Objectives:The purpose of this project was to look for a correlation in students’ examination scores at four different levels within Life University’s chiropractic program: the 6th quarter Clinic Proficiency mid term exam (CP-M), the 7th quarter Entrance Proficiency “integrated” lab exam (EP-I), the 8th quarter OSCE (OSCE-8), and the 11th quarter OSCE (OSCE-11). The hypothesis was that there would be a positive correlation between scores at different levels; that is, students who scored well at the earlier levels will also have scored well on their more recent tests. Neither this correlation, nor the usefulness of these tests as predictors of future performance, had ever been examined.
Methods:This is a descriptive, non-experimental study, involving a retrospective analysis of students’ scores. We were able to identify 75 chiropractic students who took all 4 examinations between the fall of 2001 and the winter of 2005. This time period was chosen because of test format consistency and availability of scores. A correlation coefficient (Pearson r) was calculated for each set of test scores compared to each other.
Results: The strongest correlation found was between the CP-M and OSCE-11 tests (0.524); the weakest was between the EP-I and OSCE-8 tests (0.260). The correlation between the OSCE-11 and OSCE-8 tests was 0.472. For n=75, all values were statistically significant (p<.05).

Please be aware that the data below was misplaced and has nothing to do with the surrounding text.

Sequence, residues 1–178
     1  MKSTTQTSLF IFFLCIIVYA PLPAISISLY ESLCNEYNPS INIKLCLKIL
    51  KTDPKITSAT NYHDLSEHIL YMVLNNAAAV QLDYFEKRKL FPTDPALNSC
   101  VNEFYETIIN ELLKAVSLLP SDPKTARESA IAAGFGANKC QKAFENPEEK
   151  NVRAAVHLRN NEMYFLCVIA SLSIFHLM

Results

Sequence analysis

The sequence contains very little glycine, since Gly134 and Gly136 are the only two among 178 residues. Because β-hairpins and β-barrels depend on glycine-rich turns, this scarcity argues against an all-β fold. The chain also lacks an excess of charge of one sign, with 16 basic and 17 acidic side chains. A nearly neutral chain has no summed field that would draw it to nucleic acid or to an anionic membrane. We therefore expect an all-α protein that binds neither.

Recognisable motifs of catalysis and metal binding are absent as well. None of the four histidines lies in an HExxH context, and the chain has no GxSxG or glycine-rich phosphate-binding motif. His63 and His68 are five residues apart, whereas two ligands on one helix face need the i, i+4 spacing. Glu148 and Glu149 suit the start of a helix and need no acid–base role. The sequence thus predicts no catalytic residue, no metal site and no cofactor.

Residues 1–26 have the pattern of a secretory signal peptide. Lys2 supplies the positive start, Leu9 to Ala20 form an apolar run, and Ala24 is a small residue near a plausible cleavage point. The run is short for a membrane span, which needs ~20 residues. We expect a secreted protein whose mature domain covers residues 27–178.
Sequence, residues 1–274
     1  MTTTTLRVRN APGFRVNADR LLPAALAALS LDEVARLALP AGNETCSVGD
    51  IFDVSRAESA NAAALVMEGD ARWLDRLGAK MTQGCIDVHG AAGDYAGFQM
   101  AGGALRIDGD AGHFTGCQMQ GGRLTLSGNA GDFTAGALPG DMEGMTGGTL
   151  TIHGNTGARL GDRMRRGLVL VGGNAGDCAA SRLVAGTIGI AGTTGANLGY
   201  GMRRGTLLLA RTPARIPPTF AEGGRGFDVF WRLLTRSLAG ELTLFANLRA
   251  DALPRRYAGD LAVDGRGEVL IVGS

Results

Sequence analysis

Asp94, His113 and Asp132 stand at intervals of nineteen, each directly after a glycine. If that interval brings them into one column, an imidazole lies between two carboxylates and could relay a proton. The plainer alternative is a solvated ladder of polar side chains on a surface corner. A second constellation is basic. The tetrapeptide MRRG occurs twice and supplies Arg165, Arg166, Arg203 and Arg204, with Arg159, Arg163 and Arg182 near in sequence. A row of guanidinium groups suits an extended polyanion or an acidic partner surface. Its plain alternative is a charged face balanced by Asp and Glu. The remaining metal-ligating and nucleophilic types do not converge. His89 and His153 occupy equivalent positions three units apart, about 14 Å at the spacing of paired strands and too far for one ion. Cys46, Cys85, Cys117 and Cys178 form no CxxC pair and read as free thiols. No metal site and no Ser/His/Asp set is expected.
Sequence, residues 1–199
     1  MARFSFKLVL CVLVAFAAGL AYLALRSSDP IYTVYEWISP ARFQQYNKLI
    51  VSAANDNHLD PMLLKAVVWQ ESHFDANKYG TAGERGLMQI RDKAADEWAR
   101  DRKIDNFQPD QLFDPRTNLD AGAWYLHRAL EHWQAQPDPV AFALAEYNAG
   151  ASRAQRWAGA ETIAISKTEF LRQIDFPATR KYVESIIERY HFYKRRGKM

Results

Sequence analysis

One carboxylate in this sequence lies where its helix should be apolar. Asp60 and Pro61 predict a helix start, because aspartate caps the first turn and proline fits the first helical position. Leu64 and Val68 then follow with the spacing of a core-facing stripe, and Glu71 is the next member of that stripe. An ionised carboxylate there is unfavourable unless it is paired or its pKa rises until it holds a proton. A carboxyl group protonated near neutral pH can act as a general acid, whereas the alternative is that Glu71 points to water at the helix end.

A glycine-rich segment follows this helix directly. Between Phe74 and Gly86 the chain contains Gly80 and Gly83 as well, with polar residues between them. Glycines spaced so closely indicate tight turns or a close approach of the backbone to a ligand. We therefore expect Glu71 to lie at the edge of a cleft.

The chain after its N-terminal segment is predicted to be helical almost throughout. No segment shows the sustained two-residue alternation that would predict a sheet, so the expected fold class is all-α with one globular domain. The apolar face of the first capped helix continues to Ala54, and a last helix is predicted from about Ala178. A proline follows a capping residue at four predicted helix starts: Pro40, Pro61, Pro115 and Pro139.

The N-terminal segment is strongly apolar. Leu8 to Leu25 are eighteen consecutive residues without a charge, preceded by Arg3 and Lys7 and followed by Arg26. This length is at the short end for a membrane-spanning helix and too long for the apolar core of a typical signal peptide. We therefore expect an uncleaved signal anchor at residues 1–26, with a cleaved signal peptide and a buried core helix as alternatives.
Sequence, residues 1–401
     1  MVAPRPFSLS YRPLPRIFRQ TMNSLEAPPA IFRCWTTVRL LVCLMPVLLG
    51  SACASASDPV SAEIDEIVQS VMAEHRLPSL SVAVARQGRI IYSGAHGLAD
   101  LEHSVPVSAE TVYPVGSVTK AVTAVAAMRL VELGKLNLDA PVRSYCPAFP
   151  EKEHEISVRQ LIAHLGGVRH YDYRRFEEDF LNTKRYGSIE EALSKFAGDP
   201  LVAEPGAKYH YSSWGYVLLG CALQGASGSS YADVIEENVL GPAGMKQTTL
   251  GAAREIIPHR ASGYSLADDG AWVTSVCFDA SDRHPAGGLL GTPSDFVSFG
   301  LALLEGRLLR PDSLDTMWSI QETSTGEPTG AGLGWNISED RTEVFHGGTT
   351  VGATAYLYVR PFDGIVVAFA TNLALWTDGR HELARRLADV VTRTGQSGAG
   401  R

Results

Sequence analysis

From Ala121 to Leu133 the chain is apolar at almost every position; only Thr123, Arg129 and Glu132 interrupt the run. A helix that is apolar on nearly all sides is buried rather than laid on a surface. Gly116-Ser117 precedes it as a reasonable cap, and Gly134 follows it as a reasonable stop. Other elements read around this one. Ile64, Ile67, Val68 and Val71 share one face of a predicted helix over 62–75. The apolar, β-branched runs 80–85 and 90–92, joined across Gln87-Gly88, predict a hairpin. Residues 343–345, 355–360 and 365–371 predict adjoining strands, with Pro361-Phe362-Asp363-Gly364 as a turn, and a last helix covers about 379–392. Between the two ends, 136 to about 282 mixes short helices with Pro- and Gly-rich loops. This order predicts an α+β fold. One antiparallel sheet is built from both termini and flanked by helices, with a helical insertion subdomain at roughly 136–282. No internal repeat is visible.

Discussion: The correlations between test scores at different levels range from moderate (CP-M and OSCE-11) to very weak (EP-I and OSCE-8). None of the correlations are strong enough for scores at one level to be used as predictors for another level. Other authors have also reported low correlation between OSCE testing and other types of evaluations. However, the tests in this study have significant commonality, as they cover the same subject matter (though tested at different levels); some faculty members have been involved at all four levels; and the testing formats share many similarities. For these reasons the correlation should be higher than what we have found. The OSCE testing system was still a new program at Life University during much of the period of time captured in this study, and a number of refinements have since been made. Also, the proficiency classes have been reorganized to span two quarters and mark the beginning of the clinical education track classes in the DC curriculum. The intent of the clinical education track is to improve consistency and logical progression of teaching in a number of classes related by their emphasis on patient diagnosis and management. While the correlation between test scores at the different levels described above were not high, the institution now has at least one way to evaluate recent changes to the curriculum. A number of steps have been taken to improve students’ understanding and skills, as well as improve the conditions in which they are evaluated. A study similar to this one conducted following the winter 2007 OSCE-11 would be able to evaluate the effects of the restructuring.
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